Russell and Duenes

Francis Schaeffer: Epistemology Helped Save My Faith in Christ

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schaefferAbout ten years ago, my Christian faith was in a kind of tatters. I was not on the verge of ceasing to believe in God, but I felt like the foundations of my belief in the Scriptures had been badly savaged, at least in my own mind, and I wasn’t at all sure what I could truly “know” about God.

One of the things that ultimately helped me regain my spiritual footing, and continues to help me to this day, is a greater understanding of epistemology, or how we know what we know. Though I had not yet read any Francis Schaeffer, and obviously would not for another ten years, Schaeffer’s thoughts on epistemology explain some of my experience.

Schaeffer argues that a non-biblical epistemology (e.g., “positivism”) leaves one with “no way of saying with certainty that anything exists.” With a non-biblical epistemology – that is, an epistemology that takes the starting place for “knowledge” from some other source than God’s self-revelation – “you simply begin nakedly with nothing there. You have no reason within the system to know that the data is data, or that what is reaching you is data. Within the system there is no universal to give you the right to be sure that what is reaching you is data.”

Indeed, according to Schaeffer, under a non-biblical epistemology like positivism, “[n]ot only does” a person “not know with certainty that anything is there, but even if it is there he can have no reason to think he knows anything truly, nor even anywhere near truly. There is no reason within the system to be sure that there is a correlation between the observer – that is, the subject – and the thing – that is, the object.” (emphasis mine).

To put it in more pedestrian terms, if the universe, and our world within it, is an utterly godless place, then there is no reason to think that we “know” anything. Knowledge is not possible for creatures that are mere impersonal agglomerations of atoms and molecules, which is all we can be if God did not create us. If our thought life is reduced simply to chemical reactions in our brains, then we are not really “thinking” about anything at all. We are just reacting to stimuli, kind of like a high-powered lab experiment. There is no such thing as “reason” in a godless universe. There is only randomness and chaos. There is no true order, nor is there anything like love, justice, compassion or virtue. These concepts are just semantic blah-blah blahing in a universe without a personal and rational God. I would go further, a world like ours, as we experience it, is not possible without there being a God behind it. He know a personal and intelligent God exists because He must. He is a necessary Being.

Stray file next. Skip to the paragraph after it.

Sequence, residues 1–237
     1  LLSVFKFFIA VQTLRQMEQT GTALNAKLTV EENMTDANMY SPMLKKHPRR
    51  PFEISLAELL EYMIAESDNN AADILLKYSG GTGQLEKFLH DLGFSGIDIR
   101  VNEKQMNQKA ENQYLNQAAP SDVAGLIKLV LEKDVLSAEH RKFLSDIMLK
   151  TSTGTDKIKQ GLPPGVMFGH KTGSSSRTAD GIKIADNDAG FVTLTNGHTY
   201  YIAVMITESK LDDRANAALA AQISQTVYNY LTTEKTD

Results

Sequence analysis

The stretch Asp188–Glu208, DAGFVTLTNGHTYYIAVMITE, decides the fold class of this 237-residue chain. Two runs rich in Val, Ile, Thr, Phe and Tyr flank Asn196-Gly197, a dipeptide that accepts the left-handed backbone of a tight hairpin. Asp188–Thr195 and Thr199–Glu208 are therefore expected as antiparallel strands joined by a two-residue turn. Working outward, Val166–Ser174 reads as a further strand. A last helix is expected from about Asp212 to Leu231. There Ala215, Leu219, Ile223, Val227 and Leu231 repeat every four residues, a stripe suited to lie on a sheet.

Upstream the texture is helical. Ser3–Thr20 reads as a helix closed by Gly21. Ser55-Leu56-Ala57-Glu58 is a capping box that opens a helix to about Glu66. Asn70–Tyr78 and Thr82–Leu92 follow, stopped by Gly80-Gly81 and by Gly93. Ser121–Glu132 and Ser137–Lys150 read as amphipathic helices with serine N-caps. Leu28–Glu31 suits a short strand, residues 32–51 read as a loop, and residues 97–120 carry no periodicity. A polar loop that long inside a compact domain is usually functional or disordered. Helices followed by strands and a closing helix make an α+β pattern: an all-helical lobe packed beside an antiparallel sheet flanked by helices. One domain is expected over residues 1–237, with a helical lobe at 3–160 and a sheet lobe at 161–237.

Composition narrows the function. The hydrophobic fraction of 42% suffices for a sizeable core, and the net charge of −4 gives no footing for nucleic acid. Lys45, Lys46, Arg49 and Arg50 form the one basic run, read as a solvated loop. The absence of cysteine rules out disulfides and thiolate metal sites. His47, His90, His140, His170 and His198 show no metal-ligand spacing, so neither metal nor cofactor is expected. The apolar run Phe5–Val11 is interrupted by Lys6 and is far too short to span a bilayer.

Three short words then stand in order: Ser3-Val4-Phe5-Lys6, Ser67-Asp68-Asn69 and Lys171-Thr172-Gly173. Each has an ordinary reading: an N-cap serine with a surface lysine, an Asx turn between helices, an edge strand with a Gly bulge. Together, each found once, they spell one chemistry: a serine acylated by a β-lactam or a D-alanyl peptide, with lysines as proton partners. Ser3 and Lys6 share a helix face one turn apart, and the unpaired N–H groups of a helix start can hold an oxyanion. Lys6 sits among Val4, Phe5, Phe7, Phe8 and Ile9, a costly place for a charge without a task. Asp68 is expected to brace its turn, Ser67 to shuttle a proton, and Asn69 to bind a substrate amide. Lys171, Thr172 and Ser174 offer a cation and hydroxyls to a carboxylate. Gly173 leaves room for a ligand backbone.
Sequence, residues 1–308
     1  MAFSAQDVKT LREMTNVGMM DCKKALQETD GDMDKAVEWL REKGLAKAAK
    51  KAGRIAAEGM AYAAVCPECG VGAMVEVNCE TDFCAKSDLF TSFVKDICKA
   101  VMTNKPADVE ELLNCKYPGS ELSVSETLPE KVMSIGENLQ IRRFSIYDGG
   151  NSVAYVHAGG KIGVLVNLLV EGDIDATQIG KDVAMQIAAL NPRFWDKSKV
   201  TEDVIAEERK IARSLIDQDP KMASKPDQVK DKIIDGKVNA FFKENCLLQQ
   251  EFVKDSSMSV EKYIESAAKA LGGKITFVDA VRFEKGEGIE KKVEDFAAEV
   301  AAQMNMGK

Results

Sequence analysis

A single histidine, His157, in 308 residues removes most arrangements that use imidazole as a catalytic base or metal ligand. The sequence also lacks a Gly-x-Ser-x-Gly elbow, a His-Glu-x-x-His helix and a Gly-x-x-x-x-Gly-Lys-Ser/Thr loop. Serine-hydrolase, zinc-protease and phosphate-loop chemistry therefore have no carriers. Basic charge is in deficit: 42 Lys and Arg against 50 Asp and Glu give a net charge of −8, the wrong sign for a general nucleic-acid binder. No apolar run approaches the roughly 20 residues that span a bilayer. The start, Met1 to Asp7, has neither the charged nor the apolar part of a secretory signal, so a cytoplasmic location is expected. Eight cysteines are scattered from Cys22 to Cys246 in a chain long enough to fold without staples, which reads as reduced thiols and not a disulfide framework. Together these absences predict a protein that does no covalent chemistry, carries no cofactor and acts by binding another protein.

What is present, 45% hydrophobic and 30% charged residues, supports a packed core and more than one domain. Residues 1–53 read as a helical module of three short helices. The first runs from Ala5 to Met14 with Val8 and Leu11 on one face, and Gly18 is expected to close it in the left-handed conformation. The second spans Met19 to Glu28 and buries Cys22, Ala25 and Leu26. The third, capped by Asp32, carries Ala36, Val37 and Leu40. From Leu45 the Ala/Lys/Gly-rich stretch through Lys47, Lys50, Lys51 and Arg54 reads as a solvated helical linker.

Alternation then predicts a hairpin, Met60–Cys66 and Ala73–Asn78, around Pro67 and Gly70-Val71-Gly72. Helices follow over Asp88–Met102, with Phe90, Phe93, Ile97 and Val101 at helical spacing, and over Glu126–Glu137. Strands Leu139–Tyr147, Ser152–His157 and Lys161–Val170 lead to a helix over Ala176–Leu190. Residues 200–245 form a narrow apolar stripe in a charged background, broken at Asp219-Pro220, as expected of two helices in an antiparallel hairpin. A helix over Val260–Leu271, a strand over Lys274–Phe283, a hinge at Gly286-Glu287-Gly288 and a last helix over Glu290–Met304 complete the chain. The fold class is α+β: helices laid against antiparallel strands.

People may deny that God exists, and may theoretically hold to the notion that man is simply a more intelligent animal, determined in his behavior by the makeup of his DNA. Yet Schaeffer points out that “there is no determinist or behaviorist who can really live consistently on the basis of his determinism . . . saying, that is, that man is only a machine. . . [N]o chemical determinist or psychological determinist is ever able to live as though he is the same as non-man.”

But what does all this have to do with my trust in the Scriptures and the God who is revealed in it? It means that a non-biblical epistemology is not tenable and is, in fact, impossible. There must be a personal and intelligent God because a world like ours (and not some other kind of world) is truly an impossibility without him. This is a bedrock foundation. Those who would assail it must provide a more attractive alternative explanation, and in the course of human history, they have not come anywhere close to having done so. This has become more clear to me.

Thus, I am put in a place of much firmer confidence that a personal and rational God exists. And if he exists, now the relevant question is: What is this God like? Can we know this God? This, for me, puts the Scriptures in a whole new light. In other words, the question now is not whether I should believe our universe is devoid of God, but rather, whether I should believe in the biblical God. I must believe in God, and this God must be personal and intelligent, given a world and existence like ours; and so, how many options are there? To my mind, there is just one attractive option: the God and Father of our Lord Jesus Christ.

So epistemology is not just theoretical, “ivory tower” stuff for me. It is a crucial plank in the superstructure of my faith in Christ. I return to it when I find my mind returning to old patterns of skepticism, and I rejoice in it.



Written by Michael Duenes

December 4, 2014 at 6:49 pm

One Response

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  1. I can say that an even an accidental experience with the men and women of the L’Abri community will be a positive experience which can leave a long term memory of kindness, spiritual, and Christian love. It is too long of a story, but years ago when traveling in Europe I was given a ride by two guys to Switzerland and spent time with a group of their friends who lived in one apartment. They never even told me that they were part of the L’Abri community, just welcomed and shared with me a place to eat and sleep, Hundreds of kilometers away in Sweden I discovered what they never discussed when I saw one of their group in a train station ministering to passing strangers. What a different path and life they followed!!!

    james daniel

    December 7, 2014 at 5:25 pm

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